Since then the wing sails on all the AC45 one-design catamarans used for around the world races and training purposes share the same construction, as do the new AC50s in Bermuda: a carbon fibre framework with panels made from a special aeronautical fabric. Once fitted to the frame and varnished, this technical fabric makes the perfect sail. The wing is split into two sections lengthwise: that at the front replaces the mast, while that at the back is divided into independent panels. The angle of incidence between these two sections can be adjusted, taking into account the angle of the hull and the position of the rear panels. Fluid dynamics simulation programs assist the adjustment process: these suggest the best sail profile for every speed and point of sail. There is, however, still room for old-fashioned intuition and the skills of a sailor-cum-aviator. 

The 2013 edition saw the New Zealand team add another innovation to their catamarans: foiling, that is, the ability of the boat to lift off the water, suspended on just three points – a cleverly designed keel and two hydrofoil rudders. The best settings are critical to get the best performance: the “fins” can be moved by a mere fraction of a degree. As a result, speeds have increased dramatically, reaching up to 50 knots (almost 100 km/h or 60 mph). This “invention” has changed sailing for ever. Indeed, the Nacra 17 class of foiling catamarans are now seen at the Olympics.  Once again, the America's Cup leads the way.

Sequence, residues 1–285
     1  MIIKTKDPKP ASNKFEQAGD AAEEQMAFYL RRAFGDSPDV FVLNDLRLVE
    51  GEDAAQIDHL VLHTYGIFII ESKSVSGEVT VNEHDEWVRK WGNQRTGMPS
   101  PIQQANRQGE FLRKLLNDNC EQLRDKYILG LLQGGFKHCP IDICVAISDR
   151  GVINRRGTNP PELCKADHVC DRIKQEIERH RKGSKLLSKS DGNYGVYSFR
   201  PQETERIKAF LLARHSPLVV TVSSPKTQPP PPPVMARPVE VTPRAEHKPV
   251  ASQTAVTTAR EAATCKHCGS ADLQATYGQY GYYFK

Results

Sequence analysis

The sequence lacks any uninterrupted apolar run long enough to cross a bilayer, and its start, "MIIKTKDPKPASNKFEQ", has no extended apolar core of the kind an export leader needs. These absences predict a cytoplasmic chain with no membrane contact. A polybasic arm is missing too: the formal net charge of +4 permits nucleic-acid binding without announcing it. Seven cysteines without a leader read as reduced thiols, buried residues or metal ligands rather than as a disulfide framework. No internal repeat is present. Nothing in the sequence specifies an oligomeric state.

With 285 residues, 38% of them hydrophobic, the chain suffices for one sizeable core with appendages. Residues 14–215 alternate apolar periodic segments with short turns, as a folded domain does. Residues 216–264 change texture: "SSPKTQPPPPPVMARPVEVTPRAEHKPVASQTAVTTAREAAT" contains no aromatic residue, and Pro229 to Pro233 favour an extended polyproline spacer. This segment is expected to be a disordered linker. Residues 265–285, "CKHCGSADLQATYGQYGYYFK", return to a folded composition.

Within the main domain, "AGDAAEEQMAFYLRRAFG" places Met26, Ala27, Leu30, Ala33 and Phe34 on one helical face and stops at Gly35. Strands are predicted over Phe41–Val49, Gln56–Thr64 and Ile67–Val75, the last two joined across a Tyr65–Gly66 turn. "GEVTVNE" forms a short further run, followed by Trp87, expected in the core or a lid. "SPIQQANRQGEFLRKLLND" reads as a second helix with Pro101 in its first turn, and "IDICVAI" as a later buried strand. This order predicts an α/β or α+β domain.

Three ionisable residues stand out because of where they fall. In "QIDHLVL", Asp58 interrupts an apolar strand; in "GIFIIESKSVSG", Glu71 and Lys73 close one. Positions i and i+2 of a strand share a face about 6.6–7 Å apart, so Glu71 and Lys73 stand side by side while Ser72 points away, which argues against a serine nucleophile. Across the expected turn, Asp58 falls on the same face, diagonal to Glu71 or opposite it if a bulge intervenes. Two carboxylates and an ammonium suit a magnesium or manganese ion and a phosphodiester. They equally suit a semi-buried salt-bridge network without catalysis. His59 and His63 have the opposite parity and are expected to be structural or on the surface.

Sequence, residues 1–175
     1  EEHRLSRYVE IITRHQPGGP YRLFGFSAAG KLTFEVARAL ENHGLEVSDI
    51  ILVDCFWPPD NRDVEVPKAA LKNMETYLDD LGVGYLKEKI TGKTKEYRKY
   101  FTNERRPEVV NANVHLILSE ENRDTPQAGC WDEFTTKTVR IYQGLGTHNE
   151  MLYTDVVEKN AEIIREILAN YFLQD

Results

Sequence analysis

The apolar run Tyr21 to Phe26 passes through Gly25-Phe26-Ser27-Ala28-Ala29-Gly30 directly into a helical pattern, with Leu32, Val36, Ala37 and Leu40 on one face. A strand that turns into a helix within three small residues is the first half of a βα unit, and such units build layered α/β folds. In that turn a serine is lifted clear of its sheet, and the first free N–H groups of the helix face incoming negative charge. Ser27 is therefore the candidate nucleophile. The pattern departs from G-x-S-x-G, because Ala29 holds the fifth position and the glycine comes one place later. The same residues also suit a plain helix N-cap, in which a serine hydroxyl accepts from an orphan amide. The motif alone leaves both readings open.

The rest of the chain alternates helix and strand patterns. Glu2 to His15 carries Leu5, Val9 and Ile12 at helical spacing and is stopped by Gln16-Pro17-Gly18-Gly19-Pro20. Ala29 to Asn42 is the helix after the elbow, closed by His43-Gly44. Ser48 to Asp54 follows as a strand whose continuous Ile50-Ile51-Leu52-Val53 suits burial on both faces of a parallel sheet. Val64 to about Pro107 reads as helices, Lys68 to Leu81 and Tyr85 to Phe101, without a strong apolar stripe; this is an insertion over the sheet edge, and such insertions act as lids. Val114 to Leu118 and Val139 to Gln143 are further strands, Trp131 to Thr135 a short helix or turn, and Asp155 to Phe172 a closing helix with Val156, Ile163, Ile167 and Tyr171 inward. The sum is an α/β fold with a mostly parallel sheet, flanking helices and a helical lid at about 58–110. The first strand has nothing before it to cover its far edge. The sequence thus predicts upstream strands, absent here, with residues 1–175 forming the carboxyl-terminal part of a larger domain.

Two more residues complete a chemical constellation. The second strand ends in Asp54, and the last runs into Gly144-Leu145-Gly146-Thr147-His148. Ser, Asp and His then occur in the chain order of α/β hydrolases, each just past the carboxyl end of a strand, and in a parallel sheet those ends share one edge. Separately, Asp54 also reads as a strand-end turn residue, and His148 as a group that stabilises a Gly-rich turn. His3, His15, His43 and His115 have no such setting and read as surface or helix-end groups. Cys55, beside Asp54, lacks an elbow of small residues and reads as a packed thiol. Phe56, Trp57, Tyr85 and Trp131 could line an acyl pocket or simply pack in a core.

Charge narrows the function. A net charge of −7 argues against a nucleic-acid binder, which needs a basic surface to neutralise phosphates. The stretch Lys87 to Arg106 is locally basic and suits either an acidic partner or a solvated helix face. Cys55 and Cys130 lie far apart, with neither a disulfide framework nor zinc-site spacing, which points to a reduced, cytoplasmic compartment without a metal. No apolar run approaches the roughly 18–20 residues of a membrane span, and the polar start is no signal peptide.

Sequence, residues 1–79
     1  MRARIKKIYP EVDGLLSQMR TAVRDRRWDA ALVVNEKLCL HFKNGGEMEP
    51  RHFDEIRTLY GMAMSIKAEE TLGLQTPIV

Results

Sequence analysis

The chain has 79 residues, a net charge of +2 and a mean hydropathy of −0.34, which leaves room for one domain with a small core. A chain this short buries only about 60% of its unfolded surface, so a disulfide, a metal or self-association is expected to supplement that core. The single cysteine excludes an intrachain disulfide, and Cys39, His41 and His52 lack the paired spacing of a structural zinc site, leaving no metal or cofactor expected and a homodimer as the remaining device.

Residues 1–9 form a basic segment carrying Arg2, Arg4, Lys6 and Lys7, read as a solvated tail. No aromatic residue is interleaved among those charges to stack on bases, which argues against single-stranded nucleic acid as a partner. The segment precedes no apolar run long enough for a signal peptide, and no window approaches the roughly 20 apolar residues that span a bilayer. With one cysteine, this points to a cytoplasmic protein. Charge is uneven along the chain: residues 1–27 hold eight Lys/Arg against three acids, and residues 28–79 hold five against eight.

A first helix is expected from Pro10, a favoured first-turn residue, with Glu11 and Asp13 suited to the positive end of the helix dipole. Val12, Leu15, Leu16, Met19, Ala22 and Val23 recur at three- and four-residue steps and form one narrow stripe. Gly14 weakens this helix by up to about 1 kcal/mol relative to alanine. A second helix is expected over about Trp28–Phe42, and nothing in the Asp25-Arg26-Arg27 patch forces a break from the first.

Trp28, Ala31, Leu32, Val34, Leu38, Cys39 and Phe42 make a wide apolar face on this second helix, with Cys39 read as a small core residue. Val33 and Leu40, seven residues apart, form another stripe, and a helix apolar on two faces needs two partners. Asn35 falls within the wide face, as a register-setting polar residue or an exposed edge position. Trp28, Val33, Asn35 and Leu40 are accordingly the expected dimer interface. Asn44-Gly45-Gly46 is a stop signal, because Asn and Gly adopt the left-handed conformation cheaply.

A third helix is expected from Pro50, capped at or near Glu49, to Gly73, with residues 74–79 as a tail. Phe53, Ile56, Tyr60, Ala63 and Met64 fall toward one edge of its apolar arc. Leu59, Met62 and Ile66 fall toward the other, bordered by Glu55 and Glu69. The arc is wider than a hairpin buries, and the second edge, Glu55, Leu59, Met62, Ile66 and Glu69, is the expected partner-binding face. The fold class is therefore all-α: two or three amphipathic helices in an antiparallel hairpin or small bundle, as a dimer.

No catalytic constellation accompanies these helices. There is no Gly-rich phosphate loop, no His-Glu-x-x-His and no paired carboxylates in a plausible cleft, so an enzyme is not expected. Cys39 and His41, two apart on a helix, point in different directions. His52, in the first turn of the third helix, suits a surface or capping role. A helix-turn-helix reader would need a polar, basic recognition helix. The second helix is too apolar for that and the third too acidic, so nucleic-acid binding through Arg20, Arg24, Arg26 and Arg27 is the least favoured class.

The technological and human challenge of this edition of the America's Cup is mainly focussed on the profile of these "fins" (the keel and rudders), as this is essential for performance, but it will be hard to manage the boats. Suffice to say, each team has developed a fully automatic system that "teaches" the crew what adjustments are needed. Complex control systems, with gyros and gravitational sensors, as found on modern airplanes, are now being used to discover how to get the best performance out of these catamarans. During a race, though, it will be all up to the helmsman and the crew. Then there’s the matter of the power that the crew need to generate for all the various manoeuvres and adjustments. New Zealand has introduced another innovation here: pedal power, i.e. stationary-bike grinding stations. Not a bad idea. Legs produce about one and a half times more power than arms can.